The results of a recent study published in JAMA show that between 2006 and 2010, there was an almost 30% increase in the rate of visits to an emergency department for traumatic brain injury (TBI), which can be attributed to factors such as increased awareness and diagnoses. According to a Science Daily news release, Jennifer R. Marin, MD, MSc, of the University of Pittsburgh School of Medicine, and colleagues used data from the Nationwide Emergency Department Sample (NEDS) database to determine national trends in emergency department (ED) visits for TBI from 2006 through 2010.
NEDS is a nationally representative data source including 25 million to 50 million visits from more than 950 hospitals annually, representing a 20% stratified sample of EDs. The research team found that in 2010 there were an estimated 2.5 million ED visits for TBI, representing a 29% increase in the rate of visits for TBI during the study period. By comparison, total ED visits increased by 3.6%. The Science Daily news release notes that the majority of the increase in the incidence of TBI occurred in visits coded as concussion or unspecified head injury.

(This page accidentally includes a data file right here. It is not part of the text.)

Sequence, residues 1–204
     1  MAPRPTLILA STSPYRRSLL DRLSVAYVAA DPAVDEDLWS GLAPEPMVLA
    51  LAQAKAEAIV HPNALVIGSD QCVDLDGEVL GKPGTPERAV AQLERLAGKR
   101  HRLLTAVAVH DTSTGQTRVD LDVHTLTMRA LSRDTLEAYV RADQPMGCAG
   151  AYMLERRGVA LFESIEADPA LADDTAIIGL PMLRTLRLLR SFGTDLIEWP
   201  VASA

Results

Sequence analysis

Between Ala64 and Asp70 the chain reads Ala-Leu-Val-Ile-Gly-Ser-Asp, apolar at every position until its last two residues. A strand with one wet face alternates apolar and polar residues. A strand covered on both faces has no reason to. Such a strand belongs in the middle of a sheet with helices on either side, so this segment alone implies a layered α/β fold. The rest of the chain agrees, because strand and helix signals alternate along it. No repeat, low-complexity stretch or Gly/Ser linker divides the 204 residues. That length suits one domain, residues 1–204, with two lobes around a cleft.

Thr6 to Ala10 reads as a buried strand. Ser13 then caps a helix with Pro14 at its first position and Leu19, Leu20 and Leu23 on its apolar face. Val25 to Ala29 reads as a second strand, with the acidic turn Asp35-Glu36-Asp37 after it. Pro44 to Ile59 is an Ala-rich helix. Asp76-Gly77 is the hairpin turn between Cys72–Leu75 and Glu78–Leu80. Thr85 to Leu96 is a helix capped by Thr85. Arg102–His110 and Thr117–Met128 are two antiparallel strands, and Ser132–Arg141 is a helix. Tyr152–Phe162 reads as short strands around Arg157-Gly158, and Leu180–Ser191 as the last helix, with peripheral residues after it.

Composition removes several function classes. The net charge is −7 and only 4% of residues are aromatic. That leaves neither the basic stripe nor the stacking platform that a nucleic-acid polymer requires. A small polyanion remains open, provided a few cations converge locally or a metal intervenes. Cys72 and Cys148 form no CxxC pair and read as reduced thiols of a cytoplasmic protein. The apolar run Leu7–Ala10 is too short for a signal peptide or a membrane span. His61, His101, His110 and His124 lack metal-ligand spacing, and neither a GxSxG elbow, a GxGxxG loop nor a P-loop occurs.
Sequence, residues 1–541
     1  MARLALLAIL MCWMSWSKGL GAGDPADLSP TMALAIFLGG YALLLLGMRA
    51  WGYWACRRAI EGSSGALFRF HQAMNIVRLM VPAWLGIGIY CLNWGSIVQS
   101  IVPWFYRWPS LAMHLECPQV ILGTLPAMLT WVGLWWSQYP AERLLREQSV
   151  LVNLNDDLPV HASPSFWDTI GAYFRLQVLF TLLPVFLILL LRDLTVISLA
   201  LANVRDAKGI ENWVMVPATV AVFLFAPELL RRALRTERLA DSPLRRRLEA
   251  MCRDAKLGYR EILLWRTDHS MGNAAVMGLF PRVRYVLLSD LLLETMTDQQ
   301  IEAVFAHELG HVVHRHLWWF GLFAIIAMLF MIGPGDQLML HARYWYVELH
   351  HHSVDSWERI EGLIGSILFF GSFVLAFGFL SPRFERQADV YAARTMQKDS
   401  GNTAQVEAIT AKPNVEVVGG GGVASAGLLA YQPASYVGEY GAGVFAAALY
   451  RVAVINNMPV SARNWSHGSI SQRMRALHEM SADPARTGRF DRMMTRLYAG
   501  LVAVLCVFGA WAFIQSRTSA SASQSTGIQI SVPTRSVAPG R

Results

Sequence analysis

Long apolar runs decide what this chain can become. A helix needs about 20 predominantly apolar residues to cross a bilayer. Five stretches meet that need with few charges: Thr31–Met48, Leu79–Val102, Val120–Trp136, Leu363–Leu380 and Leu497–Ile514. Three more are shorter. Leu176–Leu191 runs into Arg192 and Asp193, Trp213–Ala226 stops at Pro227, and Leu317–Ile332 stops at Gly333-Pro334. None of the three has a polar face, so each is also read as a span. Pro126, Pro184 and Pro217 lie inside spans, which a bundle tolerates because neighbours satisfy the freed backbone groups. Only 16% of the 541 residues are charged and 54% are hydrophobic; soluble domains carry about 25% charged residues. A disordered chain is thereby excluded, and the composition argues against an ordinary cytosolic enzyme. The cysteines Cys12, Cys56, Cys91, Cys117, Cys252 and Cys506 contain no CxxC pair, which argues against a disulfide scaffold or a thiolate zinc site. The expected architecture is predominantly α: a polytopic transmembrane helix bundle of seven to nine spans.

In addition, the results of the study revealed that children younger than 3 years and adults older than 60 years had the largest increase in TBI rates, as noted on the Science Daily news release. The majority of visits were for minor injuries and most patients were discharged from the ED. The authors write that the increase in TBI among the very young and older adults may indicate that these age groups don’t benefit as much from public health interventions, such as safer sports practices.
Sources: Science Daily, JAMA